ATLANTA (May 23, 2008) – Whole Foods Market recently provided more than $500,000 in low-interest loans to three Georgia producers. Sweet Water Growers, Via Elisa Fresh Pasta and Harris Family Heritage Beef all will use this loan money to grow their businesses right here in Georgia.

The Local Producer Loan Program at Whole Foods Market makes $10 million available annually for low-interest loans to small, local producers. An extension of Whole Food Market’s efforts to expand the availability of quality, local, differentiated products for customers, the loan program supports the communities in which the company does business. This program also strengthens Whole Foods Market’s partnership with local producers and therefore reinforces the value of environmental sustainability.

Harris Family Heritage Beef at White Oak Pastures (, Georgia’s leading grassfed beef producer, was able to complete a long-awaited on-farm facility designed to process beef according to rigorous humane animal treatment standards and to minimize environmental impact with its loan.

“Having this plant on our farm means we will never again have to load cattle that were born and raised here onto an 18-wheeler,” said Will Harris, founder and owner of White Oak Pastures. “It is more humane for the animals and without a doubt better for the environment to have a closed production loop on the farm.”

Prior to completion of the 5,329 square-foot facility, White Oak Pastures transported its cattle to a processing plant 100 miles away from the farm in Bluffton, a journey that stresses the animals and contributes to global warming by expending fossil fuels in transport. The on-farm facility will allow White Oak Pastures to significantly expand production and distribution of its beef. Whole Foods Market started carrying the company’s fresh steaks, roasts, and ground beef at its butcher counters in 2007.

Another local farm and family-run business dedicated to bringing fresh culinary herbs and specialty greens of the highest quality to the South United States, Sweetwater Growers, Inc. (, just received a loan, which enabled the addition of two new greenhouses in order to grow more fresh micro greens, basil and other herbs.

“We currently produce 100 cases of the living products right now and will be able to produce 400 cases once construction on the new greenhouses has been completed,” says James Dault of Sweetwater Growers Inc. “Whole Foods Market has increased their orders with us by 50% since last year, and I hope they continue to grow with me.”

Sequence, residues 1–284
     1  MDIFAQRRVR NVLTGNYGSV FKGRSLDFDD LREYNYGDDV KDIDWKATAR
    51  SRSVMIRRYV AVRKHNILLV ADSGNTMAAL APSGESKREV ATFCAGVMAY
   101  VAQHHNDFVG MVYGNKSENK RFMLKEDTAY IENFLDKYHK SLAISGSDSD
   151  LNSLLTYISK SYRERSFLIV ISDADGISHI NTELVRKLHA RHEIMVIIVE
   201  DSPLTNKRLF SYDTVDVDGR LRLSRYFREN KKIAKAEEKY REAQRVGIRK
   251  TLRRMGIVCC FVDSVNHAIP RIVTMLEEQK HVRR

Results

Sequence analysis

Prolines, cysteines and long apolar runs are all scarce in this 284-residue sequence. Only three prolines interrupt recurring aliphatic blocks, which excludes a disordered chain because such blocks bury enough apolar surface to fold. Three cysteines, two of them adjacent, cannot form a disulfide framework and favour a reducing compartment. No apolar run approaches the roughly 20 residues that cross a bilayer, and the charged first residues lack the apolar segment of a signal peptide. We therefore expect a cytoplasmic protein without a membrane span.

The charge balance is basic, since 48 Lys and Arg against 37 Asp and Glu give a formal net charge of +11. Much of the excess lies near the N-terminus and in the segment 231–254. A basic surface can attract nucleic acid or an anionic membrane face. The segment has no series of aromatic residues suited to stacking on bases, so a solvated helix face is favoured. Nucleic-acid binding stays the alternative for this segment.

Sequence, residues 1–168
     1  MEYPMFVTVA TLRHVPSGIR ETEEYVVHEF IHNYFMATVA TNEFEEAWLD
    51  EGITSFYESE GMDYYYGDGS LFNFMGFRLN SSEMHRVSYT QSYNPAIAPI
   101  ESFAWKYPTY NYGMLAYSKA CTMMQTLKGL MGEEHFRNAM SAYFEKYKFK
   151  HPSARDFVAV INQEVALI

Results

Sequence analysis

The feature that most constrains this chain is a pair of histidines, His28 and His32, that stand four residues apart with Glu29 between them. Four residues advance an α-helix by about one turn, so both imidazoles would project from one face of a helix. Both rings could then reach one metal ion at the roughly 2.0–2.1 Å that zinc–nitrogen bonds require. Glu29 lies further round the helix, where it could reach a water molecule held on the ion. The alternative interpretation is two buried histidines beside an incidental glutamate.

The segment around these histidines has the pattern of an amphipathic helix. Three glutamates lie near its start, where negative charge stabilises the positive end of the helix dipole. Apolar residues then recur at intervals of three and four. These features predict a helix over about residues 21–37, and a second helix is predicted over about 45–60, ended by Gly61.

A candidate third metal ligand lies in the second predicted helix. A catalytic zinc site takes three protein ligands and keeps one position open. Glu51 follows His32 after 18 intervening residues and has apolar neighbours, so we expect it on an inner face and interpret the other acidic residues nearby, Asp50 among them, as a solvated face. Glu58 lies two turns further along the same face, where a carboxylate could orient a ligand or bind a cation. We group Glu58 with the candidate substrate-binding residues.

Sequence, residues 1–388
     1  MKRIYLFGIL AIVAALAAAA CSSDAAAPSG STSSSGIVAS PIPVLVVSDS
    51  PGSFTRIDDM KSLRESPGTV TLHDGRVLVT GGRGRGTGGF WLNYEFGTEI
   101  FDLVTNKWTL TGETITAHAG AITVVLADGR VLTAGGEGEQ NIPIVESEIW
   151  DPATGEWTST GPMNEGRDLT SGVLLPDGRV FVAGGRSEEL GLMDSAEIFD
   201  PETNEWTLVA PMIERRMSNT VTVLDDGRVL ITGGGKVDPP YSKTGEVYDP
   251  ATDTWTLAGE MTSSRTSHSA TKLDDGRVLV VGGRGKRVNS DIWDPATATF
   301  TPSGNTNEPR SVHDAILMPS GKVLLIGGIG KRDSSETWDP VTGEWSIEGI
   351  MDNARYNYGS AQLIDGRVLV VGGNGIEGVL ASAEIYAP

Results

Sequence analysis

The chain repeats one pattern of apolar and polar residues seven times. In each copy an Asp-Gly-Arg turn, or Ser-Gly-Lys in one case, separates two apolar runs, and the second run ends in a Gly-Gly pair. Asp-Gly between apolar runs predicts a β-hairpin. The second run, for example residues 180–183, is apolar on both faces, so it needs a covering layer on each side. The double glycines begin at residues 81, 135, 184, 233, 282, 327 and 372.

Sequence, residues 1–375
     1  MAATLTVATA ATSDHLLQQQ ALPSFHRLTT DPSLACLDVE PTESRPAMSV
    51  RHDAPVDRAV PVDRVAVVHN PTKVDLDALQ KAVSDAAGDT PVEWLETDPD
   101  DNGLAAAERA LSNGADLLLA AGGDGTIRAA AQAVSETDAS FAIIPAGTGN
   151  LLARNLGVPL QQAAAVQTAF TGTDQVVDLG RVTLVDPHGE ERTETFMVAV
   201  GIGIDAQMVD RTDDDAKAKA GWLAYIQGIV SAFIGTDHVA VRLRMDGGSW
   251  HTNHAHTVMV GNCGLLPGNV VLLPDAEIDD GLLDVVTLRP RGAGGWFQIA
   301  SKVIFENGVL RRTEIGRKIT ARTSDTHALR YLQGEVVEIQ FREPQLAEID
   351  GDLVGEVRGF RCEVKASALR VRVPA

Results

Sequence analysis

Via Elisa Fresh Pasta (, a genuine fresh pasta shop in Atlanta, received a loan that will pay for a pasta cutter that enables increased efficiency and productivity. Previously, the company cut all of its pasta manually but will now be able to provide additional product with the use of this new machine. Via Elisa uses 100% organic flours, 100% organic semolina, eggs from free-range hens and luxurious cheeses imported directly from Italy and can now provide customers and outlets such as Whole Foods with a larger supply of authentic, homemade Italian pasta.

Via Elisa has been a Whole Foods Market local vendor for four years and during that time, more and more stores are carrying our products,” says Elisa Gambino, owner of Via Elisa Fresh Pasta. “This demand was too much for our tabletop cutting machine, and the loan from Whole Foods made it possible to purchase a new and much faster cutting machine. The increased speed without an increase in labor costs helped us offset the recent increase in egg and flour prices without changing our exceptional ingredients. Thanks to Whole Foods, we are now faster and more efficient!”

“The Whole Foods Market Local Producer Loan Program was set up specifically to assist farmers like Will and James, and specialty producers like Elisa” said Joey Herndon, vice president of purchasing, Whole Foods Market South Region. “By offering support to their expansions, we are able to strengthen our relationships with local producers and support the development of specific products.”

The loan program minimizes fees, interest rates and paperwork for independent local producers, however, loan recipients must meet the following requirements:

  • Meet Whole Foods Market’s Quality Standards
  • Use funds for expansion (e.g., buy more animals or new equipment, expand crops) and not operating expenses
  • Meet Whole Foods Market’s Animal Compassion Standards (for meat and dairy producers)
  • Have a viable business plan and adequate cash flow to service debt

Here in Georgia, three recent recipients of the local loan program include White Oak Pastures, Sweetwater Growers and Via Elisa Fresh Pasta.

Also guiding customers in making the connection to where their food comes from is Whole Foods Market’s Farm to Market Blog (https://www.wholefoods/, which features stories and photos of the people and places behind local and regional foods found in the company’s stores. Visitors to the site can view interviews with farmers and producers whose passion is to produce the highest-quality, best-tasting product available.